CVE-2020-19909 is everything that is wrong with CVEs

This is a story consisting of several little building blocks and they occurred spread out in time and in different places. It is a story that shows with clarity how our current system with CVE Ids and lots of power given to NVD is a completely broken system.


On August 25 2023, we got an email to the curl-library mailing list from Samuel Henrique that informed us that “someone” had recently created a CVE, a security vulnerability identification number and report really, for a curl problem.

I wanted to let you know that there's a recent curl CVE published and it doesn't look like it was acknowledged by the curl authors since it's not mentioned in the curl website: CVE-2020-19909

We can’t tell who filed it. We just know that it is now there.

We own our curl issues

In the curl project we work hard and fierce on security and we always work with security researchers who report problems. We file our own CVEs, we document them and we make sure to tell the world about them. We list over 140 of them with every imaginable detail about them provided. We aim at providing gold-level documentation for everything and that includes our past security vulnerabilities.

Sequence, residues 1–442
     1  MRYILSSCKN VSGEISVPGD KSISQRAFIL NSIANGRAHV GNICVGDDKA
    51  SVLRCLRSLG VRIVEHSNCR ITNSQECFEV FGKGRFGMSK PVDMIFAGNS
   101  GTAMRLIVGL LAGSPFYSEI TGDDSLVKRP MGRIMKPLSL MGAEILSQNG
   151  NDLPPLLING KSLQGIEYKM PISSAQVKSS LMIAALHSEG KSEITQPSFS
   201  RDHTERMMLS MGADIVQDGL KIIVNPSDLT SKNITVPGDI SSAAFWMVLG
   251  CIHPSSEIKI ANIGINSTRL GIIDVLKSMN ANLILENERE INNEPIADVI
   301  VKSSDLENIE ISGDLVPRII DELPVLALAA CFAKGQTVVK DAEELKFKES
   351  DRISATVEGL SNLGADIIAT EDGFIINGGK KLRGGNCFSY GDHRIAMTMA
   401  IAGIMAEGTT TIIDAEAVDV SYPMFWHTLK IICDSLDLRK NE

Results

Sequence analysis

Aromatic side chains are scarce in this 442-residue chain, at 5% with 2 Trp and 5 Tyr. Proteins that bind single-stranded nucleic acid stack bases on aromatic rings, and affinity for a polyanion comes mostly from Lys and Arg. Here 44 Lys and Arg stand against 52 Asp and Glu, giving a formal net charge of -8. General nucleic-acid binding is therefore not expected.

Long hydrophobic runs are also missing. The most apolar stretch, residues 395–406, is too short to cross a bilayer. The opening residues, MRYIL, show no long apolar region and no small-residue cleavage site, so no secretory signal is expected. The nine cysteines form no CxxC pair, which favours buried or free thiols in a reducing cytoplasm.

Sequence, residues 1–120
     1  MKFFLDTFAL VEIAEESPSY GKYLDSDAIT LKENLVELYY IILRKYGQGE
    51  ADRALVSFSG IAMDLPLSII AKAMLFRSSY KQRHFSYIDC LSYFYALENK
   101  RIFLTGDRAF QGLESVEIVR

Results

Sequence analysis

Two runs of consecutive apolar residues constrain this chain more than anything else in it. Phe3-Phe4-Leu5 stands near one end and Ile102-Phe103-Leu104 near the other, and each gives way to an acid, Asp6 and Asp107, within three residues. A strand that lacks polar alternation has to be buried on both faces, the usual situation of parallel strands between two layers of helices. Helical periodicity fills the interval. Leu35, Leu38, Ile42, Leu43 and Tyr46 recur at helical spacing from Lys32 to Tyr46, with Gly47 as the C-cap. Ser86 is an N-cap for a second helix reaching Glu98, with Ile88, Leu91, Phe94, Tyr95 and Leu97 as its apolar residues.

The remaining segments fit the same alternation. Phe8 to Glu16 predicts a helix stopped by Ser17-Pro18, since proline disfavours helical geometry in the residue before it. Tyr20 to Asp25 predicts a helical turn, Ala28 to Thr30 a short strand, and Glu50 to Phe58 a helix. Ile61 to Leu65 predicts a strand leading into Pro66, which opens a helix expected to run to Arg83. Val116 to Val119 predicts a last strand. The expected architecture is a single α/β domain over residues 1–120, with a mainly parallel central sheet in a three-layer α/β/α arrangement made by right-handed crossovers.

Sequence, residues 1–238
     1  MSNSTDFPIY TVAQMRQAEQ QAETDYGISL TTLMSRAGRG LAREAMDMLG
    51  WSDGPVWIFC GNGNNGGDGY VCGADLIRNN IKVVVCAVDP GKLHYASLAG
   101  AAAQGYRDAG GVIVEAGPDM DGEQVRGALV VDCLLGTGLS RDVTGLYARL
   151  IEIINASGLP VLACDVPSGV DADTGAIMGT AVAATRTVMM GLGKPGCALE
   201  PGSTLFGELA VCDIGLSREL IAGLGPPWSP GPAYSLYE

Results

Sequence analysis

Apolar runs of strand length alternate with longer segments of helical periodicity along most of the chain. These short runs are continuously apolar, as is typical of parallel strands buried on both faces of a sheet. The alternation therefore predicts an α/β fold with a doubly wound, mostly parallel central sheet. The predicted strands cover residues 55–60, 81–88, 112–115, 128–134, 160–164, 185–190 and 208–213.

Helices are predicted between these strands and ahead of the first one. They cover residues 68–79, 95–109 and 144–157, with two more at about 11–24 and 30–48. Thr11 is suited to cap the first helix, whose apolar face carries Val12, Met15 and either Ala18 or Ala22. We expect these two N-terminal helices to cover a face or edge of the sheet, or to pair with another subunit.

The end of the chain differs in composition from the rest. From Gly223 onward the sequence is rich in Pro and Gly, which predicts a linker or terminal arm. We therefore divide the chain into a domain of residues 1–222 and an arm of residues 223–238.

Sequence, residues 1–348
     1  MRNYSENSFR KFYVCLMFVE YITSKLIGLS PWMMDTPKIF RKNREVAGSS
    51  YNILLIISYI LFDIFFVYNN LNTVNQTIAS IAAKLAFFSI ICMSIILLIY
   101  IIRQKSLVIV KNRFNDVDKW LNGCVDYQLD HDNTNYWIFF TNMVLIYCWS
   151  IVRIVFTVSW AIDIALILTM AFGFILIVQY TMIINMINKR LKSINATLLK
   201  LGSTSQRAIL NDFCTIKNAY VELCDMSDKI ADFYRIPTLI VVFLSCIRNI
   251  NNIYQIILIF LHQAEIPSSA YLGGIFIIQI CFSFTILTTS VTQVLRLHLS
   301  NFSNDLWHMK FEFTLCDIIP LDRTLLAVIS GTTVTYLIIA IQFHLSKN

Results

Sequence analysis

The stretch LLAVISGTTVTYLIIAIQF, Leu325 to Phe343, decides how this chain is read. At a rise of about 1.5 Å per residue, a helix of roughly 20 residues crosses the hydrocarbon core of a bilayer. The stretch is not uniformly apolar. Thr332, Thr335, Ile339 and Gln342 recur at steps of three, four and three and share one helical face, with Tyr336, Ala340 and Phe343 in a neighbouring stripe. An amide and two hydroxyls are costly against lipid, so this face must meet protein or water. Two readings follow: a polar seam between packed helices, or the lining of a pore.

That someone else suddenly has submitted a CVE for curl is a surprise. We have not been told about this and we would really have liked to. Now there is a new CVE out there reporting a curl issue and we have no details to say about it on the website. Not good.

I bet curl users soon would like to know the details about this.

Wait 2020?

The new CVE has an ID containing 2020 and that is weird. When you register a CVE you typically get it with the year you request it. Unless you get an ID for an old problem of the past. Is that what they did?

Sources seem to indicate that this was published just days ago.

What is this CVE?

Of course the top link when you search for this CVE is to NVD. Not the most reliable organization, but now we can’t be too picky. On their site they explain this with very few details:

Integer overflow vulnerability in tool_operate.c in curl 7.65.2 via crafted value as the retry delay.

And then the craziest statement of the year. They grade it a 9.8 CRITICAL issue. With 10 as a maximum, this is close to the worst case possible, right?

The code

Let’s pause NVD in their panic state for a moment because I immediately recognized this description. Brief as it is.

I spend a lot of time in the curl security team receiving reports, reviewing reports, reviewing source code, assessing claims and figuring out curl security issues. I had seen this claim before!